There has been a flurry of media activity on empty homes since Friday 5 October. Chris Bailey, the campaign manager for Action in Empty Homes, has appeared in two stories that demonstrate the breadth of the empty homes issue.
In Kent, a street that was once part of housing provision for the Army in Canterbury, is at the centre of a row between the city council and the Ministry of Defence. The former Howe Barracks homes were owned by the MoD who say the empties were advertised through letting agents but have now been sold on. However, the local authority sees around 30 tinned properties left to fall into disrepair and believes these could have been brought into use as temporary accommodation or social housing to meet local needs. Chris appeared both on BBC News South East and ITV Meridian News arguing the case for greater action on empty homes
The Grenfell disaster appears to have prompted a rethink by the Royal Borough of Kensington and Chelsea (RBKC) about the use of Empty Dwelling Management Orders. The Daily Telegraph reported on Saturday 6 October “Millionaire owners of so-called 'ghost homes' in Britain's richest borough could be ordered to fill them with families to cope with the housing shortage, The Telegraph can disclose.”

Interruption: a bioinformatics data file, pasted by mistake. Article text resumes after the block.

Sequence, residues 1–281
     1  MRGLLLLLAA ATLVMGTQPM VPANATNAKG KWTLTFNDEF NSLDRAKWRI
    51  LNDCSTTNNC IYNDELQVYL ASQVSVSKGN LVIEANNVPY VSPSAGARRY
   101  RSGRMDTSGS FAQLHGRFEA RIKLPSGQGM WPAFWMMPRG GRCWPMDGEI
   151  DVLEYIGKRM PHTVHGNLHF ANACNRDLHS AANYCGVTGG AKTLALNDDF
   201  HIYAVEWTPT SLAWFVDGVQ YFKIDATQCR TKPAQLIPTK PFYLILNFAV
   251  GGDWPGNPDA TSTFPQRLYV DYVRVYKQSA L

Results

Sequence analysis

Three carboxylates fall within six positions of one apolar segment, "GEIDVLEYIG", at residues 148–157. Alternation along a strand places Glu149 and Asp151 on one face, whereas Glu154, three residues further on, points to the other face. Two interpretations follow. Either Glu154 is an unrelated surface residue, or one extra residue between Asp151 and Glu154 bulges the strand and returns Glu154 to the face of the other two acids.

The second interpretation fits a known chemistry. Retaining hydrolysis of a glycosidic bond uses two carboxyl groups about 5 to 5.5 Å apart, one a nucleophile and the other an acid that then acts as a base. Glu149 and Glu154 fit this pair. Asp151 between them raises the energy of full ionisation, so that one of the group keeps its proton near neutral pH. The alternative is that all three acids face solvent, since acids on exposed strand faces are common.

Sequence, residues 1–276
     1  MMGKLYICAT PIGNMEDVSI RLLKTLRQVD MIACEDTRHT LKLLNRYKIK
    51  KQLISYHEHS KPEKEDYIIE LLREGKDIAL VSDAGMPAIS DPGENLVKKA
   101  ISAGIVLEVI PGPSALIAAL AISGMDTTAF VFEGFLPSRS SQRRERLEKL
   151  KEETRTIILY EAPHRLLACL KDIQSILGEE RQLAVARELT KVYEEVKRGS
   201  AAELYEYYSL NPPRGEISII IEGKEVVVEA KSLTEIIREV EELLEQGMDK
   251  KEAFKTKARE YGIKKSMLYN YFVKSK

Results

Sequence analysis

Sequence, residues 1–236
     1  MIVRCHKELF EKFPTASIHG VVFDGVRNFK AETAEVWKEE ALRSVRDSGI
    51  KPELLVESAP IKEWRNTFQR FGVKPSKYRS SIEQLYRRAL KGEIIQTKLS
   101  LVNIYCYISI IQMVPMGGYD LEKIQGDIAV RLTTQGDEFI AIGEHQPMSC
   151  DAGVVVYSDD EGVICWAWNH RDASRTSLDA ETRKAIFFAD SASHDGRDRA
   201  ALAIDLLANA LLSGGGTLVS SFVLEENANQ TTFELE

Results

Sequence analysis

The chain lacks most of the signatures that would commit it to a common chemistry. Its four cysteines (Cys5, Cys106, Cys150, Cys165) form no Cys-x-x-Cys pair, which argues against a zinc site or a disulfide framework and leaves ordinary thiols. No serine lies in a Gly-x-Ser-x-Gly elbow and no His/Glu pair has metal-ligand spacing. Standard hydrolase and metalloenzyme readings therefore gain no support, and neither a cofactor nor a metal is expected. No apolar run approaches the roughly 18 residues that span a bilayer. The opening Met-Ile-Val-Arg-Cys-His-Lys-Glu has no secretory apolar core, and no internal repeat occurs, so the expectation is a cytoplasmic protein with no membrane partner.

In a premium access article, the council leadership is described as “desperate to get on the front foot over its treatment of social housing tenants and take a proactive stance in finding properties for them.” and wants the Government to relax the rules governing EDMOs so that any property - not just those that are vandalised - can be easily taken over if it has been vacant for two years.
Kim Taylor-Smith, the council's deputy leader, who leads on Grenfell and housing, said, "The vandalism prerequisite is the single biggest obstacle to using EDMOs. Many empty dwellings in this borough are high-end investment properties and are therefore looked after; many for example are within protected gated communities." Mr Taylor Smith was also interviewed on the Today programme on Saturday morning (starts at 51:04) about the strategy that he has asked Kit Malthouse, the present Housing Minister, to support.
Chris was quoted in the Telegraph article "We need to find a way to bring all England's 205,000 long-term unused properties back into use to help tackle the housing crisis. Councils need Government support to do this more quickly and more easily. An empty home is a wasted opportunity to change a family's life for the better."